“The underground has historically been a place where artists and musicians hone their craft before emerging onto the mainstream, however in today’s age, where the term Hip-Hop can mean a variety of things to a variety of people, it has become a subgenre of its own, a place some artists choose not to leave… But rather remain, perfecting their craft forever.
Yugen Blakrok has been on the South African Hip-Hop scene for the last decade or so. Originally hailing from the Eastern Cape, and after featuring on various projects throughout SA, she began rocking mics in Johannesburg in 2007 in a crew called Recess Poetry, which quickly gained a strong following throughout JHB…”
Splendor & Misery is an Afrofuturist, dystopian concept album that follows the sole survivor of a slave uprising on an interstellar cargo ship, and the onboard computer that falls in love with him. Thinking he is alone and lost in space, the character discovers music in the ship’s shuddering hull and chirping instrument panels. William and Jonathan’s tracks draw an imaginary sonic map of the ship’s decks, hallways, and quarters, while Daveed’s lyrics ride the rhythms produced by its engines and machinery. In a reversal of H.P. Lovecraft’s concept of cosmic insignificance, the character finds relief in learning that humanity is of no consequence to the vast, uncaring universe. It turns out, pulling the rug out from under anthropocentrism is only horrifying to those who thought they were the center of everything to begin with. Ultimately, the character decides to pilot his ship into the unknown—and possibly into oblivion—instead of continuing on to worlds whose systems of governance and economy have violently oppressed him.
“Psychomagia” is the new album by the fabulous quartet of Abraxas, the acclaimed tribal rock arrangements for the Book of Angels series. Here they perform a complex new suite of music written expressly for them by Downtown alchemist John Zorn. Drawing inspiration from the magical writings of Giordano Bruno and Alejandro Jodorowski and others, Zorn has written a bold collection of compositions that challenge the musicians to the breaking point. With a program ranging from some of the most intense ritualistic sounds you are likely to hear to tender minimalistic odes, this is a surprising new volume in Zorn’s mystic series that matches the intensity and power of Moonchild, PainKiller and Naked City. Recorded at Orange Music and mixed by Bill Laswell. Essential.”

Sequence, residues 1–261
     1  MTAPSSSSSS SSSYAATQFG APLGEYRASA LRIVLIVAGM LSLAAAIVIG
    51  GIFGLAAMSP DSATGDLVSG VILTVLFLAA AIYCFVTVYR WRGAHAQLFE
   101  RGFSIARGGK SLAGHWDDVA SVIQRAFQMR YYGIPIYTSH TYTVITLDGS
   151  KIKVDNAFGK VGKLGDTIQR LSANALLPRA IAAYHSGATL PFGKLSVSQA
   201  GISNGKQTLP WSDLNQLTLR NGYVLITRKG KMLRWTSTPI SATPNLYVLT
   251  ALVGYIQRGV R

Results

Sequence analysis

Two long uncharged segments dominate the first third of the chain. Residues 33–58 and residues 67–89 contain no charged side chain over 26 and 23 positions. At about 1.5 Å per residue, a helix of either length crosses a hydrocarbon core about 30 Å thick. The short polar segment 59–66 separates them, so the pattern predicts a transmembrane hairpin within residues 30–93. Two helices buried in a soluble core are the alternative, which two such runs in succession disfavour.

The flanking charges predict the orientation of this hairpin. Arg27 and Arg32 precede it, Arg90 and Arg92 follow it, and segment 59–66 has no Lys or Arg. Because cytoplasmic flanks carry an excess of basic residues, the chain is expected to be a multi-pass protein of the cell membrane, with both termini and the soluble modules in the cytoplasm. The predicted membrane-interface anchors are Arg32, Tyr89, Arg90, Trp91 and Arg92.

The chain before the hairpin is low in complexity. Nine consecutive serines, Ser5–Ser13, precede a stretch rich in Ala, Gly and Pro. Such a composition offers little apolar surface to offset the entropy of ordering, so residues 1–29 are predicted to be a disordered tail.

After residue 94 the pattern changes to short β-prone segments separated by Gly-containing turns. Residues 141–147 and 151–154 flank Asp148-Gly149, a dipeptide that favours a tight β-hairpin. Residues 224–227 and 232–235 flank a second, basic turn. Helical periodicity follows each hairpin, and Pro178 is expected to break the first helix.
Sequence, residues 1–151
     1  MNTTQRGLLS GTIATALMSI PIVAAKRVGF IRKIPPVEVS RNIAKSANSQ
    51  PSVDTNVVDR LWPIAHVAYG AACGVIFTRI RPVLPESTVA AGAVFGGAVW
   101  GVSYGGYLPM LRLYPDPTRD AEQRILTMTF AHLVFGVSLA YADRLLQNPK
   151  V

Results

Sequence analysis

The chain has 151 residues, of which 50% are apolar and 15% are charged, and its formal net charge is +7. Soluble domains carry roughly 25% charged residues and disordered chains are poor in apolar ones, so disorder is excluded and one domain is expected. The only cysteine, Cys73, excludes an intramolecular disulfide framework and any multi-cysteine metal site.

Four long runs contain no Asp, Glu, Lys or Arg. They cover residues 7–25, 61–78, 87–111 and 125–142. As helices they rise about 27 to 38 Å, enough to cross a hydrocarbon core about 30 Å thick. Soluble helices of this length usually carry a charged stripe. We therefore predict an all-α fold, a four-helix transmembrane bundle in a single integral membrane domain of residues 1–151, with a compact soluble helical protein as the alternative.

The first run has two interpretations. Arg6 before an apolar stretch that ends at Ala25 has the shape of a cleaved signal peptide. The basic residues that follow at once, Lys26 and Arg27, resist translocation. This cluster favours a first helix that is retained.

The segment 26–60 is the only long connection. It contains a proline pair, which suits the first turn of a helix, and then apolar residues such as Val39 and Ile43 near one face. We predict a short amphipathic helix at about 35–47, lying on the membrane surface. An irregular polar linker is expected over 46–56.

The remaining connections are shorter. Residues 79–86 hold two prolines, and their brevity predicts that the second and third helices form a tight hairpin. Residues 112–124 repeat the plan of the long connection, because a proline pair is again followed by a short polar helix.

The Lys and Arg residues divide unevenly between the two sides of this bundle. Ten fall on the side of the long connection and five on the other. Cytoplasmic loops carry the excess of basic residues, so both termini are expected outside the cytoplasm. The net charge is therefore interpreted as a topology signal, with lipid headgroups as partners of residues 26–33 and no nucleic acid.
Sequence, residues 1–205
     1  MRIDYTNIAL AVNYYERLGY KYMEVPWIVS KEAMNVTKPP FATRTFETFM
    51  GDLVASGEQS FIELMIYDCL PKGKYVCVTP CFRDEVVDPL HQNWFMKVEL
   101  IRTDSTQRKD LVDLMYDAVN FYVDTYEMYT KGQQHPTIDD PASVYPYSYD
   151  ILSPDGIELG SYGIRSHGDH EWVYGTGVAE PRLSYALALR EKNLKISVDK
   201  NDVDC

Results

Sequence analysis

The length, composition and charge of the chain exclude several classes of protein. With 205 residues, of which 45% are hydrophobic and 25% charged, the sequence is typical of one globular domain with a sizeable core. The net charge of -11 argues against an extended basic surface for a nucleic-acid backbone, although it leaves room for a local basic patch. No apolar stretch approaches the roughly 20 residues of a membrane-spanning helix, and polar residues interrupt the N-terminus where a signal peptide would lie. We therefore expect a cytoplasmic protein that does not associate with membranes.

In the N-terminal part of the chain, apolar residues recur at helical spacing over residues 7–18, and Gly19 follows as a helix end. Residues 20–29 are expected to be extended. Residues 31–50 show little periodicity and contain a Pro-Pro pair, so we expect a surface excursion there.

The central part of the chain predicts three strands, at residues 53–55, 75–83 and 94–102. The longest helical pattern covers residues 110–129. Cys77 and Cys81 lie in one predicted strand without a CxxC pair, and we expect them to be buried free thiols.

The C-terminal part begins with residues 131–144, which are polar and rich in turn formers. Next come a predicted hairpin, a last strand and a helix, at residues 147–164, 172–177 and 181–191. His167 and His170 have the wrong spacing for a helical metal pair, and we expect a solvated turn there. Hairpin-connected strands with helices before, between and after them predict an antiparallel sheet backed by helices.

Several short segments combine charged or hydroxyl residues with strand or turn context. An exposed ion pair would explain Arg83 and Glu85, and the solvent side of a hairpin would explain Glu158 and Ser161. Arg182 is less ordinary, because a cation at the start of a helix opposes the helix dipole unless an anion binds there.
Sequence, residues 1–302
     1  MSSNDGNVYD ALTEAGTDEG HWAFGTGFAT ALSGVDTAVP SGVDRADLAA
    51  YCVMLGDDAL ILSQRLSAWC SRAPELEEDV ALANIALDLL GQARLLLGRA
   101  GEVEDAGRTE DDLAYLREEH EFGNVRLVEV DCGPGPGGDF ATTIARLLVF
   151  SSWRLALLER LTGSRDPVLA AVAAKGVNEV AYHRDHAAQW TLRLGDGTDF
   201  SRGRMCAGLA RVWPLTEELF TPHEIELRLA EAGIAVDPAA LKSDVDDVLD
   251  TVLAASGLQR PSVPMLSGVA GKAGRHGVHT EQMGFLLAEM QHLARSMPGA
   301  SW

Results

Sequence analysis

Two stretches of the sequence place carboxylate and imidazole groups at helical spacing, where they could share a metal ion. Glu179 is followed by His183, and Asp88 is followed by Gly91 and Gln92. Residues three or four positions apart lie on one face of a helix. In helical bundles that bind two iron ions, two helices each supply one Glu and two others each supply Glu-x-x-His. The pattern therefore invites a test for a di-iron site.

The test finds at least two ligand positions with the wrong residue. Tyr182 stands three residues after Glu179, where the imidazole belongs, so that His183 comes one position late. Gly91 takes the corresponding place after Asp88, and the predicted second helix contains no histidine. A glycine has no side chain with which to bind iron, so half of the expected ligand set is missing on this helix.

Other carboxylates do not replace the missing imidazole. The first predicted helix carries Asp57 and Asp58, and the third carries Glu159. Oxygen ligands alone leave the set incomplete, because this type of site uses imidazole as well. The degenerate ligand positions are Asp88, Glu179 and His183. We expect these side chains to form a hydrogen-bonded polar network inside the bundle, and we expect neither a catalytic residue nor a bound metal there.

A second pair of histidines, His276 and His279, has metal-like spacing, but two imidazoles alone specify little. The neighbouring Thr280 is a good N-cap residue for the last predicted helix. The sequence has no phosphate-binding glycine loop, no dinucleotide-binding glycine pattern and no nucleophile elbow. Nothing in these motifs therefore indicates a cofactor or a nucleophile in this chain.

“Fred Frith was a classically-trained violinist who turned to playing blues guitar while still at school. In 1967 he went to Cambridge University where he and fellow student, Tim Hodgkinson formed Henry Cow. While at University, Frith read John Cage’s Silence: Lectures and Writings, which changed his attitude to music completely. He realised that “sound, in and of itself, can be as important as […] melody and harmony and rhythm.” This changed his approach to the guitar, “just to see what I could get out of it” and initiated a long period of experimentation that continued throughout Frith’s musical career.”
More on this 1989 album here.
Filmmaker Magazine writes:
Accompanying the first track of the anticipated collaboration, Soused, between avant-garde crooner Scott Walker and sludgy noisemeisters Sunn O))) is an arresting short film by French director and choreographer Gisèle Vienne. Walker’s music — with or without Sunn O))) — is the stuff of waking nightmares, and Vienne’s dream-like film matches it fuzzed-out chord by fuzzed-out chord. A house in the mountains, a blonde-tressed woman moving in slow-motion epilepsy; a teenage boy (her son?) locked in tremulous horror; a car crash?; and a sudden appearance by French novelist, theater artist and dominatrix Catherine Robbe-Grillet… it’s eerie, disquieting, and, with its narrative elisions, entirely hypnotic.
Quote from the NYT piece:
“Once a romantic hero, then an existential one — blond, narrow-hipped, unsmiling behind sunglasses — Mr. Walker no longer has a stage persona. He hasn’t performed in public since a television appearance in 1995, and hasn’t played a concert since 1978. Whatever his music is now, it’s not pop. He’s a composer who happens to use his voice, a semi-operatic baritone pushed to high and quivering extremes, as an instrument to serve his meticulous texts, which on the new album, “Soused,” include words like “bliaut” — a 12th-century European overgarment — and “bescumber.” (Look it up.) And maybe something else: a maker of abstract dramas with tones as characters. His work demands that you come more than halfway toward his isolation, his need to do things differently, and perhaps his story of turning from light to dark.
I would argue that “Soused,” which comes out Oct. 20 on the 4AD label, might be the first music Scott Walker has made in a very long time — maybe since his contributions to the Walker Brothers’ final record, “Nite Flights,” in 1978 — that can be absorbed into the body and enjoyed as a thrill, without needing to learn a lot of other context about his aesthetic transgressions, without attending to the Myth of Scott. Rather than withholding musical or emotional payoffs, which has long been his way, there’s a sort of constant payoff here: no orchestra this time, but the steady electric-guitar and bass drones of Sunn O))) (simply pronounced sun), rich and distorted and marvelous.”